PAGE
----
How one family found outdoor furniture for less
Outdoor Furniture for Less
by Chantal King
Creating Outdoor Rooms from Scratch, on a Budget!
Spring Renewal for your Home's Exterior
Cleaning Plastic Outdoor Furniture
The weather is warm and everyone wants to eat outside. Outdoor living has boomed, and itís no wonder. Creating outdoor living areas doubles your space and lets you enjoy nature, whether you have a deck, a porch, a sunroom, a backyard, balcony, or patio. It can be as easy as setting up a gazebo or screen tent and adding outdoor furniture.
The problem is in the price tag. Outdoor furniture is as expensive as indoor furniture, if not more. We decided our ten-year-old plastic table and mismatched chairs had served us well, but not even a new tablecloth could disguise the sagging middle where I'd taped the broken holes or the leg that always sat crooked.
I started shopping for a bistro set and almost unhinged my jaw! I found a three piece set with a metal table and two chairs at Home Depot without a price tag. I asked a salesclerk, and they couldn't find it on the computer. They agreed to sell it as a display model, so I offered $50. The guy said, "Oh, you're smooth!" Then he called a manager to okay the transaction.
When the manager arrived, he said that the set cost $159.99, but he could sell it for $130 since it was a floor model. I told him the most I was willing to spend was $100, and he said, "Sorry, no deal."
I left and went shopping at several thrift stores. I found a metal table with a glass top. It was rusty but only $3. Then I discovered a small white metal chair for $1.50. At yet another store, I found the same exact style of chair, but it was gold. The price tag said $25, but I talked the owner into taking $10.
Once I arrived home, I spray-painted my furniture a hammered silver color. In less than ten minutes, the set was transformed into a darling bistro set! I still needed cushions, so I once again went cruising for outdoor cushions.
Since the chairs had round bases, I looked for round cushions. I had no luck, so I bought a vinyl, fabric backed tablecloth for $5.96 and sewed two cushions. After straightening the edge, there was plenty left for a matching tablecloth. I stuffed the cushions with cut up plastic bags to ensure they are weather proof. I added ties to secure them to the chairs. The best part is that I spent less than $25 for the whole bistro set!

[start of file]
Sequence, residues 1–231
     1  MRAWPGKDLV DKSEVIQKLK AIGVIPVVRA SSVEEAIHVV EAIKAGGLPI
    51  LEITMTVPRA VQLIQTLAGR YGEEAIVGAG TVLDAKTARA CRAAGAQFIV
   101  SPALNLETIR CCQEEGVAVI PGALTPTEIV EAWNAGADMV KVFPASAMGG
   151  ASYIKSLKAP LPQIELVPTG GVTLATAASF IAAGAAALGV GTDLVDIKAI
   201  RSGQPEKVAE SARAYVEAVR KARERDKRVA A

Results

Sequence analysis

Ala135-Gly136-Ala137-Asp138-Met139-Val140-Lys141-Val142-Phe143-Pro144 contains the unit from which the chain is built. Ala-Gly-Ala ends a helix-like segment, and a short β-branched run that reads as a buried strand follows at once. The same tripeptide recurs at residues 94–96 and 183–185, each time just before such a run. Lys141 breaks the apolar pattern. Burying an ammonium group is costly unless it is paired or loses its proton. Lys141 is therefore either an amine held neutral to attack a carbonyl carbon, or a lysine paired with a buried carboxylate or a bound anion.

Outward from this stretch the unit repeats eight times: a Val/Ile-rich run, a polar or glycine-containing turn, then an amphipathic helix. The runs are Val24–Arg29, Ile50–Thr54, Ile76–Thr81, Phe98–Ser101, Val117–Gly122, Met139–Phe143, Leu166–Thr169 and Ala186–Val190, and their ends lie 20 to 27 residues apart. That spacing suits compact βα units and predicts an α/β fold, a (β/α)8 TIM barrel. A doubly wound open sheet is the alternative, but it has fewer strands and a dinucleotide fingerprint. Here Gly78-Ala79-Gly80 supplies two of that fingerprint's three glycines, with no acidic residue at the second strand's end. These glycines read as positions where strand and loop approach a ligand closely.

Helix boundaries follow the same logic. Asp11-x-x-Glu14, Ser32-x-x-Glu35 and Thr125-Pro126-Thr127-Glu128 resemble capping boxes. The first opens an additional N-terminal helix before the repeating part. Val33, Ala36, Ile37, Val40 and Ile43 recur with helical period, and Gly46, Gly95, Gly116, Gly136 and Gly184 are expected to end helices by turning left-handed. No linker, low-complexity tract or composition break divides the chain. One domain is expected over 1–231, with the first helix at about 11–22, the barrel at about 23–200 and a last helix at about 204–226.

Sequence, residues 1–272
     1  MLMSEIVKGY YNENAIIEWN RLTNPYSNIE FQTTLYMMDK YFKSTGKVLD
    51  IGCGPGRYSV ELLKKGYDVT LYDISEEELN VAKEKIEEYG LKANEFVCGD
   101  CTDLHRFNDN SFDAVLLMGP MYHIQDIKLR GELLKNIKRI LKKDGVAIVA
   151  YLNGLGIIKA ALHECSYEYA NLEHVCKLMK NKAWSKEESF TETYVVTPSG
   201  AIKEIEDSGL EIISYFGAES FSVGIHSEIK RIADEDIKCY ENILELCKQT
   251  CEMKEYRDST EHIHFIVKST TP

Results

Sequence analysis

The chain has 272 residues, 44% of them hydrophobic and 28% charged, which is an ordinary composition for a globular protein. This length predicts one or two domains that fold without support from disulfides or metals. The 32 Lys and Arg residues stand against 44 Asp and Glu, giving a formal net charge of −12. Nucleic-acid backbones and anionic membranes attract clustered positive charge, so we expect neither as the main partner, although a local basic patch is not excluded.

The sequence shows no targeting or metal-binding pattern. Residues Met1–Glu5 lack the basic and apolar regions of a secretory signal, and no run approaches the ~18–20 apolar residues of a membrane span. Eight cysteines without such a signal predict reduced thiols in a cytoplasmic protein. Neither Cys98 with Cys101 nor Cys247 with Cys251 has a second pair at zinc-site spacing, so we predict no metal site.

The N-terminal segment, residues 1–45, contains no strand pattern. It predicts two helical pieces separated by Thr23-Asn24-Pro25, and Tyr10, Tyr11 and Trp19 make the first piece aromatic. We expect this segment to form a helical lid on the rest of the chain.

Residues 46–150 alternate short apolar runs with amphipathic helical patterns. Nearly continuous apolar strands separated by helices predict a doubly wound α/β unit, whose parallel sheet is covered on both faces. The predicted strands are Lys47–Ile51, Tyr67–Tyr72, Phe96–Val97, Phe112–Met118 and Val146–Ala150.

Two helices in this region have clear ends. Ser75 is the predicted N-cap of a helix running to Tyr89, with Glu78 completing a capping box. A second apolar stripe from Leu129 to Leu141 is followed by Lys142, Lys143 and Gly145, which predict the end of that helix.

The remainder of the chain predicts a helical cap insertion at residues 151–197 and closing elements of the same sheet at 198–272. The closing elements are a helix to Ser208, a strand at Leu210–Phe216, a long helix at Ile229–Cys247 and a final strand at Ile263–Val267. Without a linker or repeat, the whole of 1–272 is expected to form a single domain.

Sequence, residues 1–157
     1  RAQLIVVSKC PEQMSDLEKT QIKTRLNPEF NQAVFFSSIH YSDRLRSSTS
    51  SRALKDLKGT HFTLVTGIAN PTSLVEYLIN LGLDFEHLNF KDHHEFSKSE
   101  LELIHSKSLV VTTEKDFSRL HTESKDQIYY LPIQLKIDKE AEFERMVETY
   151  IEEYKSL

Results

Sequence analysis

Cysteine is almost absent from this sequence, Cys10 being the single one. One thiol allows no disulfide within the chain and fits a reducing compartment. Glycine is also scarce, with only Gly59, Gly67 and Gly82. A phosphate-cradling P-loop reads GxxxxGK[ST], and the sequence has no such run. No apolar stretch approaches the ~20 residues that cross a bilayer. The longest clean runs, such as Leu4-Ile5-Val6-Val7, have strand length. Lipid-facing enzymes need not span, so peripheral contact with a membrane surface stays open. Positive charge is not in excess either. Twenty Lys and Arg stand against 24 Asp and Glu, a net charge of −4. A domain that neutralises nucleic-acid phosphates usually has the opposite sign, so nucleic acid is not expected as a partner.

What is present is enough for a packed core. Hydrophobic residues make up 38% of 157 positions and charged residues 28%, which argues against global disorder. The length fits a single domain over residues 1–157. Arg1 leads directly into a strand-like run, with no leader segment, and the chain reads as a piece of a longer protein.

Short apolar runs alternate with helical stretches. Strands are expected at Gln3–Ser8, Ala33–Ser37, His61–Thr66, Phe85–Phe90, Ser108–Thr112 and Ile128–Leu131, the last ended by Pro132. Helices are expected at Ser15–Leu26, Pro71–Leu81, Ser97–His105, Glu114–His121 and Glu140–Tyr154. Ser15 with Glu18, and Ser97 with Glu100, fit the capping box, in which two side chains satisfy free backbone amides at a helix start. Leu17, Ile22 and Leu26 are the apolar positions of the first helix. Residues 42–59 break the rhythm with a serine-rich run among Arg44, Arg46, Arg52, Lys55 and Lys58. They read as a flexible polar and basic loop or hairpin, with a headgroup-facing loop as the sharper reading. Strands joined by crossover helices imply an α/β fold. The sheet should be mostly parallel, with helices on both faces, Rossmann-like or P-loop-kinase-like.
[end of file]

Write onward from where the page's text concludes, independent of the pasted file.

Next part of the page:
We were very fortunate this year during our city's annual cleanup week. This is when residents can throw away anything on the curb, and I do mean anything. I told my husband that I wanted to find cast iron furniture and deck furniture. On the first day we went curbside cruising, I spotted an old rusty, cast-iron bench! One leg was broken off, but it was lying next to it, so I dragged it to the pickup, hoping I could fix it up.
Later I found a cast-iron birdbath with a large crack in the basin. Smiling with delight, I loaded it up, along with two Adirondack-style chairs. They seemed sturdy, but needed refinishing.
Then the fun began. First, I attached the broken leg to the bench with coat hanger wire. Then I painted it black. It looked like brand new! I had thought it would just be a decoration, but it is actually very sturdy. The birdbath makes an excellent holder to plant flowers, since the crack provides drainage.
The wooden chairs just needed a fresh coat of paint and now my "free" furniture graces the deck at our lake camper. After comparing the sale prices in the Sunday circulars, I estimate I saved over $300. Plus, I had the joy of doing it myself.
Sometimes all it takes is a discerning eye. If you can look past a little rust, ugly paint or a minor defect, you can see the beauty waiting within discarded items. I am pleased with our "new" furniture and know that we will enjoy our outdoor living for years to come.
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Also In This Week's Issue
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- 5 simple and affordable luxuries for your home
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- Free fireplace logs
- 8 kitchen remodeling projects for under $500
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- How to save on mortgage as rates rise
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